Cleaning fuel-pump filters

in Fuel systems

The most common type of pump; if there is a sealing ring, check it.

A blocked fuel-pump filter will cause the engine to cut out intermittently, particularly at high speeds, and it may stop altogether.

Not all cars have a filter in the pump. Later models often have sealed, filterless pumps which do not need maintenance, and rely on filters elsewhere, mainly in fuel pipes or the petrol tank, or at the inlet to the carburettor float chamber.

Many cars have a mechanical fuel pump driven off the camshaft. The pump should be plainly visible on one side of the engine. If not, trace the fuel pipe back from the carburettor.

If the fuel pipe leads away from the engine towards the fuel tank, you may have an electric fuel pump. Often this is at the back of the car, close to or immersed in the tank.

Disconnect the battery before servicing an electric pump - an accidental spark could ignite spilled petrol.

Clean all filters by washing them with fresh petrol. Wipe out the inside of the pump with a clean lint-free rag.

Make sure sealing gaskets are sound. Replace them if necessary. There may also be a sealing washer under the fixing screw.

Do not overtighten the screw(s) of the pump cover or it will leak and damage the pump. If the knob retaining a glass dome is overtightened, the dome may break.

Many electric pumps are SU, or copies built under licence. They are often in awkward positions, but must be removed to clean the filter.

Have two old pencils or rubber bungs handy to stop petrol gushing out of the disconnected fuel pipes.

Note which pipe is which - the same applies for electrical connections. There may be one or two, depending on whether or not the pump is earthed directly to the car body.

Filters fitted to most mechanical pumps

The most common type of pump; if there is a sealing ring, check it.

This design has a cylindrical filter holder and disc filter.

The top of this one unscrews with the filter attached.

Most mechanical pumps have a removable top covering the filter. On earlier units the top may be a glass dome.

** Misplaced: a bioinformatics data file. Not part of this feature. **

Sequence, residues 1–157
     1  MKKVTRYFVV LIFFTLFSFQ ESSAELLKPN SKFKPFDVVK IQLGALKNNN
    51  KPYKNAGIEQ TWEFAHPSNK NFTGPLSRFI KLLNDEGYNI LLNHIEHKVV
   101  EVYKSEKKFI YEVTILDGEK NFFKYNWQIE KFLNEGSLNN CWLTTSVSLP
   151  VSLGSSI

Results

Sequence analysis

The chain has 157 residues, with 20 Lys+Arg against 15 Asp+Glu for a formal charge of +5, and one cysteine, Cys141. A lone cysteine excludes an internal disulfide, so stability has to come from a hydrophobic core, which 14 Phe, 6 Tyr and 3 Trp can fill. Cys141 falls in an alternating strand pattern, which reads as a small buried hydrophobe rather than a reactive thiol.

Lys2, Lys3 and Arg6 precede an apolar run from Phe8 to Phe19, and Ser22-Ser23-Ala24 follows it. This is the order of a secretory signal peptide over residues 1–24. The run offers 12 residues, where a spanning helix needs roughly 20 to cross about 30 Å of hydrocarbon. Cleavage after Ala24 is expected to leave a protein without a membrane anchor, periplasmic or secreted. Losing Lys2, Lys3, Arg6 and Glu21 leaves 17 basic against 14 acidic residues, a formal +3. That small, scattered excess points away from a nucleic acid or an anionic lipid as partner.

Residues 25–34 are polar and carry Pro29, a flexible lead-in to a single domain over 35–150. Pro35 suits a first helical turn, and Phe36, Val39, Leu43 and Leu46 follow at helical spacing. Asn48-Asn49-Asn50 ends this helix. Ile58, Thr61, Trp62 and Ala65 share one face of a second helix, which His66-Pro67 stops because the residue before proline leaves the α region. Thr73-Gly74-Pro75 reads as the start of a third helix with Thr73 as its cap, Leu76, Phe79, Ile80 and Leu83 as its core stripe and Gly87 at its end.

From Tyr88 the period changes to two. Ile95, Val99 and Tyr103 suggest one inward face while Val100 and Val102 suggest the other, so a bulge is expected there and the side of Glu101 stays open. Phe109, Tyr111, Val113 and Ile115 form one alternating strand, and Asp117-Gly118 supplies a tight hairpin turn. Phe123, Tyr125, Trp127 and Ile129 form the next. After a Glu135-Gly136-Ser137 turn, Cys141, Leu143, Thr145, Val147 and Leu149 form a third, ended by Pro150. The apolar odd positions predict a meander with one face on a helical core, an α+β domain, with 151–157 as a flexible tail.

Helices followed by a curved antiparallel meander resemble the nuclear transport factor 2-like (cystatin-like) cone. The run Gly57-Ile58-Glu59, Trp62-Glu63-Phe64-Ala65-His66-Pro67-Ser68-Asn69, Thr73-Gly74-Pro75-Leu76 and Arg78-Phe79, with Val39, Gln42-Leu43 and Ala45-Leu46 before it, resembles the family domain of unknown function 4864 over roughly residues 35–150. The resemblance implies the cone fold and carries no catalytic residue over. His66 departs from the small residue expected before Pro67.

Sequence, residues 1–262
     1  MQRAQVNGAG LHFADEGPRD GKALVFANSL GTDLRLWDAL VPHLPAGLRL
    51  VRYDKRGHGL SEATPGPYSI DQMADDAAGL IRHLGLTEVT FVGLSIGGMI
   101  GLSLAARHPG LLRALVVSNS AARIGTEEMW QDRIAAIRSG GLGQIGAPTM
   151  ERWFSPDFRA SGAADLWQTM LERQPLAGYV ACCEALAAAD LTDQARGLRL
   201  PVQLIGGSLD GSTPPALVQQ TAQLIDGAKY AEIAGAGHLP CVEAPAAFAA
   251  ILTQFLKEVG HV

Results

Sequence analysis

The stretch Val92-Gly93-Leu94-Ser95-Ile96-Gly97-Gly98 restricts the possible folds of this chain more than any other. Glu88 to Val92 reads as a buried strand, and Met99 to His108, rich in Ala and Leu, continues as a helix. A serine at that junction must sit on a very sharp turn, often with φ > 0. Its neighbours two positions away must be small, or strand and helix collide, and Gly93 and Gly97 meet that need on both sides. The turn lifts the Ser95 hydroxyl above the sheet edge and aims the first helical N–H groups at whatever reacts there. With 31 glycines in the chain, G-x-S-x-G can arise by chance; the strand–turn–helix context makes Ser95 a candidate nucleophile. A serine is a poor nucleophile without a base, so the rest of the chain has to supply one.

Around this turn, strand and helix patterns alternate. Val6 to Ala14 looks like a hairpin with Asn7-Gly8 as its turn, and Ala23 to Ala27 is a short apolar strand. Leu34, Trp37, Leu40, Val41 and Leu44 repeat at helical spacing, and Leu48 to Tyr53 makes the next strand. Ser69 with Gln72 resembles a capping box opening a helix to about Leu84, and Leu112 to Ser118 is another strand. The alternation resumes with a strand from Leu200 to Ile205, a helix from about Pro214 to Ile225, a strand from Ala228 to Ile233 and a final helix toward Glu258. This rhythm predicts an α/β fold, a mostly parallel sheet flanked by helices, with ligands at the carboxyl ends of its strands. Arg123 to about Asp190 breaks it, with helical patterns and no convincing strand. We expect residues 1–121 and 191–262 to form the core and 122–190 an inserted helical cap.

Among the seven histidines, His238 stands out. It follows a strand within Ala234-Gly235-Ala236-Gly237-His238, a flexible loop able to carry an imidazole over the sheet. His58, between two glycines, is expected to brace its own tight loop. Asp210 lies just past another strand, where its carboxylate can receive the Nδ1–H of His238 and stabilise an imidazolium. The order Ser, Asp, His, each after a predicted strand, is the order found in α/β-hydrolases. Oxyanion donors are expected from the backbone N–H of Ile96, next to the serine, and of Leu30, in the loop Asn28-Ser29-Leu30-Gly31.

A central screw or nut holds the top on. Unscrew this, lift off the top and take out the filter. If a flexible fuel pipe is connected to the top, leave it there. This will ensure that you refit the top to the pump the right way round.

Some pumps have a cylindrical filter attached to the cover, which screws by hand into the pump.

Some may also use crimped-on pipe clips; snip off with side cutters and replace with a screw clip if the pump is removed.

SU electric pumps

Remove the ring and take off the inlet elbow only.

The most common SU electric pump has two dome-headed right-angled 'elbow' inlet and outlet nozzles. They are made of black plastic and mounted side by side, but leading in opposite directions.

Which one does which job is marked on the casing. Remove only the inlet nozzle and work quickly, because the rubber sealing ring under it swells up when exposed to the air for a time.

Do not remove the gauze-filter - clean it in position.

Do not remove the filter - clean it by brushing dirt away with a clean, small paintbrush and fresh petrol.

Check that there are no loose bristles in the brush. Take care to refit the nozzle the right way round.

Earlier SU pumps have screw-in connections mounted almost at right-angles to each other. The filter is under a large brass-headed cap opposite the outlet to the carburettor.

Two other SU electric pumps are found on larger cars. Both have inlet and outlet pipes side by side.

One has a double electromagnet - the large black cylindrical part.

To reach the filter on either type, you have to remove the magnet cylinder from the base.

Unscrew this plate to release the valves - remove the inlet valve only.

On the double type, remove only the cylinder that is positioned on the right as you view the pump, with the word 'top' moulded into the base facing you and the right way up.

Take out the six screws holding the pump together, and separate the cylinder and base.

On the base, two more screws hold a metal plate over the two valves. Unscrew them and take out the inlet-valve cover and valve - the outlet valve is marked 'out' on the outside of the base.

The valve must be refitted the right way round, or the pump will not work.

The filter, a small gauze disc between two rubber seals, is underneath. Prise it out gently with a pin.

Be sure to reassemble the pump correctly - the valve goes back with the straight strip on top. Check that the gasket between the main parts of the pump is sound, but do not turn it. It must remain in the same position for the pump to work.

Refit the pump, and the two electrical connections and reconnect the fuel pipes.

SU mechanical-pump filter

The filter is inside the elbow. Refit the right way round.

An SU mechanical pump is different from other types and is found mainly on British-built cars. There are two main SU types: AUF 800 which has a filter, and AUF 700 which does not - although its top is removable.

The 800 has inlet and outlet pipes side by side on top, leading in opposite directions. The right-angled 'elbow' connectors are held in place by a metal ring fixed by two screws. These screws are often very tightly seated, and are also made of soft metal. Use a correctly fitting screwdriver in good condition to remove them.

Remove the ring, lift off the inlet elbow only, and lift out the filter. Clean it and reassemble quickly: the rubber sealing ring under the pump elbow swells up when it is exposed to the air.

When reassembling make sure that the rubber ring seals, and that the elbow is facing the right way.

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